Jean de Bosschère was born on 5 July 1878 in Ukkel (Uccle) in the Brussels region. He spent his childhood in Lier and studied art in Antwerp during the late 1890s when the city’s cultural scene was dominated by Art Nouveau. He began writing essays and monographs on (Flemish) art. He published his first collection of poetry Béâle-Gryne in 1909 to which he added his own illustrations in the style of Aubrey Beardsley. He also drew inspiration from Paul Claudel’s spiritual (Catholic) writing and the (French) symbolist poetry of his friend Max Elskamp. The theme of his first ‘poem-novel’ Dolorine et les ombres (1911) is the opposition between life and dream, between divine and profane love. Its content provoked an accusation of Satanism. The book was printed by Paul Buschmann (the ‘house printer’ of the Antwerp Society of Bibliophiles) in a limited edition of 250 copies. His approach was inspired by William Morris’s Kelmscott Press in its ambition to create a perfect harmony between page, typography, and illustration. The Antwerp-based artist René Leclercq provided the novel with a portrait of the author. The impeccable presentation of this novel, aimed at a limited audience, set a precedent for all his later publications.
When World War I broke out, De Bosschère fled to London and settled in Hampstead. John Lane recognised his talent as a poet-illustrator and appreciated the hothouse temperature and erotic sophistication of his creative endeavour. In 1917 The Bodley Head published a collection of his poems under the title of The Closed Door. The translator of these poems was a significant figure. Frank Stuart [F.S.] Flint was a prominent member of the Imagist group. A poet and translator with a sound knowledge of French modernist literature, he ‘competed’ with Ezra Pound for being the brains behind the Imagist movement. The collection made an impact and the poet was admitted to the London elite of modernists. He influenced T.S. Eliot and befriended Pound, Joyce, Huxley, and others. In 1922, tribute was paid to his work by the American translator and Romanist Samuel Putnam in The World of Jean de Bosschère, published in an edition of 100 luxurious copies (with a letter of introduction by Paul Valéry). It cemented his place in the English-speaking world.
A period of intense activity would follow. He illustrated classic works by Aristophanes, Ovid, Strato, and Apuleius, but he was very much involved with contemporary literature too. In 1927, he illustrated the Boni & Liveright edition (New York) of The Poems of Oscar Wilde. In 1928 he produced the plates for Baudelaire’s Little Poems in Prose, translated by Aleister Crowley, and published in a limited edition of 800 copies. Two years later, he enriched Richard Aldington’s translation (from the French) of Boccaccio’s Decameron with fifteen full-page colour plates. His distinctive, often grotesque style of fantasy illustration (with reminders of Jeroen Bosch) fitted children’s books as well. He authored and illustrated The City Curious (published by Heinemann in 1920), a masterpiece that rivals the achievements of Lewis Carroll. The choice of material indicates that his work was marked by a fascination with the erotic, the obscure, the child-like, and the occult. The pioneering technique of chromolithography as a method of colour printing which was developed in Paris by Godefroy Engelmann and refined by his son Godefroy II during the latter decades of the nineteenth century, did lend itself very well for his work and he applied the technique with great skill. It made him was one of the great colour-plate artists of the early twentieth century.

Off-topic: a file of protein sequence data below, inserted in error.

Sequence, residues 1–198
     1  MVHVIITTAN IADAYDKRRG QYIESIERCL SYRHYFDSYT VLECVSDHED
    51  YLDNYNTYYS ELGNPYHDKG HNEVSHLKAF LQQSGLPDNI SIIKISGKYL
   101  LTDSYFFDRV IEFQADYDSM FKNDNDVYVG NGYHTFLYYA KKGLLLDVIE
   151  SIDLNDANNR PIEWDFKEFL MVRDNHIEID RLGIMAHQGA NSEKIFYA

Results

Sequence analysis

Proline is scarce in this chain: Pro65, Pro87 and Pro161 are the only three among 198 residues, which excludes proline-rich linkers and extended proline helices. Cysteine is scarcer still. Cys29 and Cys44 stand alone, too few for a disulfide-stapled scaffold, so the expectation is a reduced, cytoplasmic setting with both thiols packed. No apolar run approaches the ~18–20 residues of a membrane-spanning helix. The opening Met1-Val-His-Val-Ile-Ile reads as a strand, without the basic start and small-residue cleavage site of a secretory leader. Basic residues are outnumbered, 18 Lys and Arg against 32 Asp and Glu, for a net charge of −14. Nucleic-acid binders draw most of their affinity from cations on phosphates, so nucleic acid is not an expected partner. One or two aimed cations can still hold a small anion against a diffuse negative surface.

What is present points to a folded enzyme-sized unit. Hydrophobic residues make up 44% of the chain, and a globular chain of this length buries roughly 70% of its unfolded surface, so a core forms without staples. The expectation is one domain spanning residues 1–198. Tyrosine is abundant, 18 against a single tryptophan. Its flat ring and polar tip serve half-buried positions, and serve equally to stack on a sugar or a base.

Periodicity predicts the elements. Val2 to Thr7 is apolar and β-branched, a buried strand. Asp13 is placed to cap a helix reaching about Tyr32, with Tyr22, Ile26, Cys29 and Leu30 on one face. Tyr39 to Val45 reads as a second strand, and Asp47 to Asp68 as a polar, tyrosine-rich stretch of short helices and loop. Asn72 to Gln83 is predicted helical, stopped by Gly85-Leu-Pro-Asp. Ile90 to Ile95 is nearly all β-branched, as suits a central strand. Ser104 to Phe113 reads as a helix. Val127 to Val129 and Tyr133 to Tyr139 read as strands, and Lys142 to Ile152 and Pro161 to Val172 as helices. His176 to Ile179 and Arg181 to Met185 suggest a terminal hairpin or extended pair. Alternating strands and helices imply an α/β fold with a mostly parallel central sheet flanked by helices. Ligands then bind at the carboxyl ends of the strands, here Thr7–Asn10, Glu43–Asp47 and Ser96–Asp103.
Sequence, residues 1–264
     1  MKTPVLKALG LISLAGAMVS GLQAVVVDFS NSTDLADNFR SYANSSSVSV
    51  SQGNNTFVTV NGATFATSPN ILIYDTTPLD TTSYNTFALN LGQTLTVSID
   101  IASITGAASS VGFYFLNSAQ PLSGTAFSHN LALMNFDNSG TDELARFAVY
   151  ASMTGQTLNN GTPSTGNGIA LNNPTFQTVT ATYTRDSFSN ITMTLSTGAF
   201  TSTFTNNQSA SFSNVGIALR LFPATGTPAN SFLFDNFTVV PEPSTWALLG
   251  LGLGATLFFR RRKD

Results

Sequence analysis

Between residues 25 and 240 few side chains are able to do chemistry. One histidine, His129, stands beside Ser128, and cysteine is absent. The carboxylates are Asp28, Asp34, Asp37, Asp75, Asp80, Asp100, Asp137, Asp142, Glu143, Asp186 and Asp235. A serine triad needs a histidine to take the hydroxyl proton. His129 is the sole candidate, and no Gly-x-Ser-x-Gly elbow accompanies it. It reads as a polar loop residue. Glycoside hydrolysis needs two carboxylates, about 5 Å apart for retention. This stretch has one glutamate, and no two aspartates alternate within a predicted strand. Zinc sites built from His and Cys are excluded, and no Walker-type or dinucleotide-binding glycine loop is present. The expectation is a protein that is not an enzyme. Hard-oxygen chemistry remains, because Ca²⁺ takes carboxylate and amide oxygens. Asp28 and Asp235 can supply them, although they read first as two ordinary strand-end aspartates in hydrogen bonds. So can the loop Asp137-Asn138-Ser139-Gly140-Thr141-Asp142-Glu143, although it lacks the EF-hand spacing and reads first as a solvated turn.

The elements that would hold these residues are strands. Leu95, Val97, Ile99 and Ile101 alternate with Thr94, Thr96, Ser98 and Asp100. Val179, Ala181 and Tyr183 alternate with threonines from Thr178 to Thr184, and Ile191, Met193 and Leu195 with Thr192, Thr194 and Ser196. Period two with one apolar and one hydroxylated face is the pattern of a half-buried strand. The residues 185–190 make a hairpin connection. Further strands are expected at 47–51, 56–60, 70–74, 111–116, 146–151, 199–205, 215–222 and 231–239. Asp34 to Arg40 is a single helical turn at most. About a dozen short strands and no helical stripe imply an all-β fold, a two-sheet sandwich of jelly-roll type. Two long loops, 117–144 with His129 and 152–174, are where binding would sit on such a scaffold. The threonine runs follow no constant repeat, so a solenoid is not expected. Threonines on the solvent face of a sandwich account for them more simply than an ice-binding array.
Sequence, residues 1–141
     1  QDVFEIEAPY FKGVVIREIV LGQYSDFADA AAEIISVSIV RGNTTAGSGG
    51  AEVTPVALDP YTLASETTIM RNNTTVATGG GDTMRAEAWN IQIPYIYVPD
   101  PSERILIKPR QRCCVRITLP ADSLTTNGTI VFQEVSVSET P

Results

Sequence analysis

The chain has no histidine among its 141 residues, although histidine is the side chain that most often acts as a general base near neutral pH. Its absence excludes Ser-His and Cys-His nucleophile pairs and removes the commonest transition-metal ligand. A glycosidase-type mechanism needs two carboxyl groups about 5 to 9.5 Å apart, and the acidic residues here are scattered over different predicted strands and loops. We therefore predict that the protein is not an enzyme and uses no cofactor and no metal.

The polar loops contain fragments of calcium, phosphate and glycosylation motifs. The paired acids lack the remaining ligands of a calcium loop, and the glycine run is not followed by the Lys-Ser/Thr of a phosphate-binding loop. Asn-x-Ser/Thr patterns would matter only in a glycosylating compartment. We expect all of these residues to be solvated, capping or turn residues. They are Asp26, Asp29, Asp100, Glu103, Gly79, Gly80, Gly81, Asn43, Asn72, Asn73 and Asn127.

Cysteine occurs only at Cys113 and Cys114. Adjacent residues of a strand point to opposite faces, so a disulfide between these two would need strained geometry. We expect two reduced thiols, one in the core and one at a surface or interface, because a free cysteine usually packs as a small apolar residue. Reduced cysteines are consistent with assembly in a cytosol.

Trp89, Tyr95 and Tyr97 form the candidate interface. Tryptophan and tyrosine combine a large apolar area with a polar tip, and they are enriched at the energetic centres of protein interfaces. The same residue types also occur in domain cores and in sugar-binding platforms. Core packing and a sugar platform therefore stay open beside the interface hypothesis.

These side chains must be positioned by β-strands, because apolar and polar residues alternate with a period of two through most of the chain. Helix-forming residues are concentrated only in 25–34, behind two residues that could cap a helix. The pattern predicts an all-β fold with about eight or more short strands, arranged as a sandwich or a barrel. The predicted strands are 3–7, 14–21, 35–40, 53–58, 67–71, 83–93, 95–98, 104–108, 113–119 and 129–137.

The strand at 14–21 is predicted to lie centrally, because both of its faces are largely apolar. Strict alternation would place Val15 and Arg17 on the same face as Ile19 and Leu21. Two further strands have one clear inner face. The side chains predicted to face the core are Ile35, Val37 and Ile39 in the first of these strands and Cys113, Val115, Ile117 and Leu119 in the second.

Apart from The Closed Door, John Lane published four more of books in which Jean de Bosschère participated:
1922: 550 copies of De Bosschère’s Job le Pauvre with fourteen illustrations by the author; frontispiece by Wyndham Lewis; text in French & English.
1923: 3,000 copies of The Golden Asse of Lucius Apuleius; translated by William Adlington; introduction by Edward Bolland Osborn; illustrated by De Bosschère.
1924: 3,000 copies of Gustave Flaubert’s The First Temptation of Saint Anthony; translated by René Francis from the 1849/56 manuscripts; illustrated by De Bosschère.
1925: 3,000 copies ofThe Love Books of Ovid; a translation of Ars Amatoria by J. Lewis May; illustrated by De Bosschère.
The author and illustrator himself was back in continental Europe by then. His love affair with the translator Vera Anne Hamilton had blossomed in 1920, but she died two years later. He left London towards the end of 1922, spending the remaining years of his life in Paris, Brussels, and Sienna, where he worked on his novels and poetry collections. He remained a prolific artist, but his days of glory were gone. With the darkening socio-political atmosphere of the 1930s, modernist artists came under attack. The general movement was away from individual vision towards joined values. Contemporary society was attacked for the disintegration of principles and decline of moral authority. The brutality of Nazism, the fury of Fascism, and the emergence of Bolshevik realism, dealt a mortal blow to modernist exploration. De Bosschère’s work sunk into relative obscurity. He died in January 1953 in France. From 1946 onwards, he kept a diary titled Journal d’un rebelle solitaire (as yet unpublished). Jean de Bosschère’s work deserves a catalogue raisonné – urgently.